We’ll take a look at how to optimize your current context, manage those pesky interruptions better, and see why interruptions are such cognitive train wrecks. We’ll look at why you need to defocus in order to focus better in the mental marinade and manage your knowledge in a more deliberate manner.
Finally, we’ll take a quick look at why change is harder than it looks, and I’ll offer suggestions for what you can do tomorrow morning to get started.
I’ll share what I think lies beyond expertise and how to get there.
""I've recommended it to anyone who will stand still long enough to listen to me. I was familiar with some of the ideas and techniques from my various readings on the science of learning, but its invaluable to have them gathered in one concise book, especially one geared towards developers.""--Dr. Paul V. Gestwicki, Professor & Director of Undergraduate Programs, Ball State University
""I've always been looking for something to help me improve my learning skills, but i've never found anything as effective as this book.""--Oscar Del Ben, Software Developer
""Absolutely terrific! I'm only beginning the 3rd chapter and I've already found the book VERY, VERY useful. It makes me look at what I am doing and how I do it in a different light.""--Carol Saah, Java Software Developer
About the Author
Top customer reviews
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The idea of such a book is great, somebody should have done it. The execution though is the one that is bad. The book is mostly focused around small number of defining concepts, which are supposed to explain and substantiate all the facts about the way brain works and the suggestions of how to become more efficient in whatever you do. These concepts are the L-mode and R-mode of the brain, the Dreyfus model of skill acquisition, and the metaphoric comparison of a brain with a two-CPU computer.
Unfortunately, L/R-mode theory is now considered wrong and dated (the theory is more than 20 years old -- a lot has happened in neuroscience since then), and basing and substantiation suggestions on it is questionable. Even though the suggestions themselves are mostly reasonable and useful (in case you have not come up with them on your own yet), the constant L/R-mode preaching makes an impression of somebody selling you snake oil. The L/R-mode explanations make up a bulk of the book, sound really fishy, and get annoying pretty quickly.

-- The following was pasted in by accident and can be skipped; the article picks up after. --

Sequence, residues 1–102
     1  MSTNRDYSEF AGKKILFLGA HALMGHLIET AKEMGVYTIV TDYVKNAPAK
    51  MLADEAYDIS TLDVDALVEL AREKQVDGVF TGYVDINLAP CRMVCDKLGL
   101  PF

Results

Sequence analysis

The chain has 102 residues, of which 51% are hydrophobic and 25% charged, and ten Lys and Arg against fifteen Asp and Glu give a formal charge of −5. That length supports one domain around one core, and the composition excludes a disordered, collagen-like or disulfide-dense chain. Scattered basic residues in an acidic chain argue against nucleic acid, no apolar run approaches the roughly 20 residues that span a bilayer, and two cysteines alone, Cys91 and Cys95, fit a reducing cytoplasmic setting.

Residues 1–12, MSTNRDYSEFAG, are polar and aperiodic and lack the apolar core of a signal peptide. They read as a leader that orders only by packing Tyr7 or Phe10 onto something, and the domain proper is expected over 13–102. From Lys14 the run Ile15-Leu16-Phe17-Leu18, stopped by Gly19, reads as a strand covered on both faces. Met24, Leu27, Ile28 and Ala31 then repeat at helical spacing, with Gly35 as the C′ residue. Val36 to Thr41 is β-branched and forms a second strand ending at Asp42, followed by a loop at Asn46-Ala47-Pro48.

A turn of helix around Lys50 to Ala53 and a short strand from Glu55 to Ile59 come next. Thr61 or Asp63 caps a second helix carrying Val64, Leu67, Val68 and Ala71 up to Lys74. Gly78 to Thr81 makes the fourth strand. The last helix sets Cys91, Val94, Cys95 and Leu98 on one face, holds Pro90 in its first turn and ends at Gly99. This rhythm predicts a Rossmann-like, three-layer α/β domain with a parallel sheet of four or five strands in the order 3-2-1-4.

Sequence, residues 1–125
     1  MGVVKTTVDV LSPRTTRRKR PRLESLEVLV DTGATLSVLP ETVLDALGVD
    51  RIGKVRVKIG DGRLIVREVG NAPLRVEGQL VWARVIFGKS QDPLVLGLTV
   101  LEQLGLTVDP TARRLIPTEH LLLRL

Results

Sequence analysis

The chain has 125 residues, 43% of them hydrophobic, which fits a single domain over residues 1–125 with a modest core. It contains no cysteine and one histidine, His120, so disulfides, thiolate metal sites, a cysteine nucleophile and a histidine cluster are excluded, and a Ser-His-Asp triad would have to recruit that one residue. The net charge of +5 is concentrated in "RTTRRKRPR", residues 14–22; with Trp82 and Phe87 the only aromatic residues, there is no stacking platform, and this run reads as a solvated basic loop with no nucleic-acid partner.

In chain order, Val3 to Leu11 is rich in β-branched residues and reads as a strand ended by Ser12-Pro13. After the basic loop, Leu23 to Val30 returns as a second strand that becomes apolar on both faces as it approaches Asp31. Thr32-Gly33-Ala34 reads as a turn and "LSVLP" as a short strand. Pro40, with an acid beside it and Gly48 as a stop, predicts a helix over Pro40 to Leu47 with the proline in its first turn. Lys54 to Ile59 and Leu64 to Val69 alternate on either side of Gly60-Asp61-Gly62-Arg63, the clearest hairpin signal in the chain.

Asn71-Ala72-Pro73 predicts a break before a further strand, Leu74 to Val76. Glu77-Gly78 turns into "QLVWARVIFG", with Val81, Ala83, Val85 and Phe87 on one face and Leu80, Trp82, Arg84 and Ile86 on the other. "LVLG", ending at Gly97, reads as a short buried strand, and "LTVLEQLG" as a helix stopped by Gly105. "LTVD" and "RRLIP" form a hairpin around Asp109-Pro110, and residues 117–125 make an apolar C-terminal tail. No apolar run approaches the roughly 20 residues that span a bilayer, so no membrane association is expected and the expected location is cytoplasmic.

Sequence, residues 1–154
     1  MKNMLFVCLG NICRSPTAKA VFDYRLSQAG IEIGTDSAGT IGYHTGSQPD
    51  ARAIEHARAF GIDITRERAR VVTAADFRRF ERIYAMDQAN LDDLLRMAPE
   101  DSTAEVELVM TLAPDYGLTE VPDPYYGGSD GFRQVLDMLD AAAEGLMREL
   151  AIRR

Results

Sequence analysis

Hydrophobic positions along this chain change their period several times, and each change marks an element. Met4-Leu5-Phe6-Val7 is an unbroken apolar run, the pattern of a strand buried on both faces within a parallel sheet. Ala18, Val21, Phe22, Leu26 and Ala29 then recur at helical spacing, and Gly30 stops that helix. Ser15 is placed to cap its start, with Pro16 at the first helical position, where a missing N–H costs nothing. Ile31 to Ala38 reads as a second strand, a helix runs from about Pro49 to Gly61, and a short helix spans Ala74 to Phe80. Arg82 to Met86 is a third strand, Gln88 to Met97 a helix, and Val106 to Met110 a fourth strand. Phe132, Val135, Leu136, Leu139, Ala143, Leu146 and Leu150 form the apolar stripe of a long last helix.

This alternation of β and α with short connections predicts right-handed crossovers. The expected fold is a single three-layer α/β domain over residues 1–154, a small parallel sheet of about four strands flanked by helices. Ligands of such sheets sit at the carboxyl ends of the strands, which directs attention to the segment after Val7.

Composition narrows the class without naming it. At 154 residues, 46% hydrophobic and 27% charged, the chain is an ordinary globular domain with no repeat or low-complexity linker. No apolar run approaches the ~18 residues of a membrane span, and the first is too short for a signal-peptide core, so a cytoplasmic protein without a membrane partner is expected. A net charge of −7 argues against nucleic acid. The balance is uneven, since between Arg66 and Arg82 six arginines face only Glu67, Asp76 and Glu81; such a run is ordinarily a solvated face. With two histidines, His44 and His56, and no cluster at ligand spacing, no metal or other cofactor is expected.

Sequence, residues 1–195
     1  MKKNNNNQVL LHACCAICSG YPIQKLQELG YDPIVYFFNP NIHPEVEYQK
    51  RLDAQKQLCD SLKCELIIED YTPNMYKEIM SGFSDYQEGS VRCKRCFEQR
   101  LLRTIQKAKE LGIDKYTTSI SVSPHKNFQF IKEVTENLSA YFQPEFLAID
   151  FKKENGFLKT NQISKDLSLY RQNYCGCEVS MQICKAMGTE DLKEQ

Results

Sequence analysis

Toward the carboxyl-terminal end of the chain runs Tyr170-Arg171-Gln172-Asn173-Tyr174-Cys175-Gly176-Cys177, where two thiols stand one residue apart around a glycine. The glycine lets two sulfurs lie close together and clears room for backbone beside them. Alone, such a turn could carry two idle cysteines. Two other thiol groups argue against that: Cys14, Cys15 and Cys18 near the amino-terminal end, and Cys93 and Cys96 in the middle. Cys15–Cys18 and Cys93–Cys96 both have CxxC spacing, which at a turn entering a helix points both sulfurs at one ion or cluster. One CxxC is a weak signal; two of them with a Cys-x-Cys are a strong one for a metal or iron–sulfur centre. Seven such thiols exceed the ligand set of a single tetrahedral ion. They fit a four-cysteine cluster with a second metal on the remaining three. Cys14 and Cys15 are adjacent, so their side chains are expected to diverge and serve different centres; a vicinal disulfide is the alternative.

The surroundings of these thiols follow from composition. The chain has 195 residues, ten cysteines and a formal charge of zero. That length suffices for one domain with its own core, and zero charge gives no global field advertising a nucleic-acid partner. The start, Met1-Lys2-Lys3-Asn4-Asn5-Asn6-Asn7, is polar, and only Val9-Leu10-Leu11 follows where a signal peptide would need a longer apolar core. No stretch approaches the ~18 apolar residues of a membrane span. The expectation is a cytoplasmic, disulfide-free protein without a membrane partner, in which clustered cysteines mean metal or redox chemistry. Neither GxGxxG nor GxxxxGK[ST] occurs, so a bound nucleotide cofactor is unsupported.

Dreyfus model, although somewhat useful in some fields, not too useful in the context of research work and science (and any non-trivial software engineering), where things are a tad more complicated [note: this is my personal opinion, don't take my word on it and read about it elsewhere if you want]. That wouldn't be a problem, if Dreyfus model wasn't used throughout the book to explain things.
Comparing a brain with a two-CPU computer is just blatantly wrong, the way the brain works is not even in vicinity of how CPUs (and the related wiring) work -- just read some other books and research papers on the subject. Thus using the metaphor abundantly in a book which tries to give an impression of a book where the facts are checked and substantiated is questionable.
Of course, that's not all. I found many places in the text where something was stated (which wasn't obviously true or false), but as if it was following from some other facts. If you're not careful enough when reading, you are likely to learn something that isn't.
Less important things which I didn't like: the narration and the design/formatting/images and text relevance. From the start the author notes that this book is not necessarily intended for programmers, however the text is full of irrelevant programming allusions which would bore any non-programmer to death, without any chance of getting any useful meaning from the allusion. Heck, I'm a programmer and I was bored and struck with superfluity of these examples. Oh, and don't forget about smileys in the text. Don't get me wrong, I'm not narrow-minded, however I still believe that well-edited text in a book on a serious topic could do without smileys and still be able to communicate jocular mood if there's need for it. The book is full of irrelevant examples and images (I love images, provided they are useful!), take the "unix wizard" image as an example. There's even an awful attempt at infographics (p.229, fig.8.4, "Relative IQ point loss") which takes almost half a page and is really a bad example of using a bar chart.
Another annoying thing is that another book by the same author - "Pragmatic Programmer" - is praised persistently throughout the text. Although it's not a bad book, there should be some restraint in self-advertising.
To be fair, there are some good suggestions and practices. It's rather unfortunate that they get diluted by a mush of bad science and lacking narration.
Verdict: if you want to spend your time reading a good book on the topic, go read something else, for example, Medina's Brain Rules: 12 Principles for Surviving and Thriving at Work, Home, and School, Weinberg's Becoming a Technical Leader: An Organic Problem-Solving Approach, or DeMarco's Peopleware: Productive Projects and Teams (Second Edition).
Journey from Novice to Expert: Novices vs. Experts; The Five Dreyfus Model Stages; Dreyfus at Work - Herding Racehorses and Racing Sheep; Using the Dreyfus Model Effectively; Beware the Tool Trap; Consider the Context, Again; Day-to-Day Dreyfus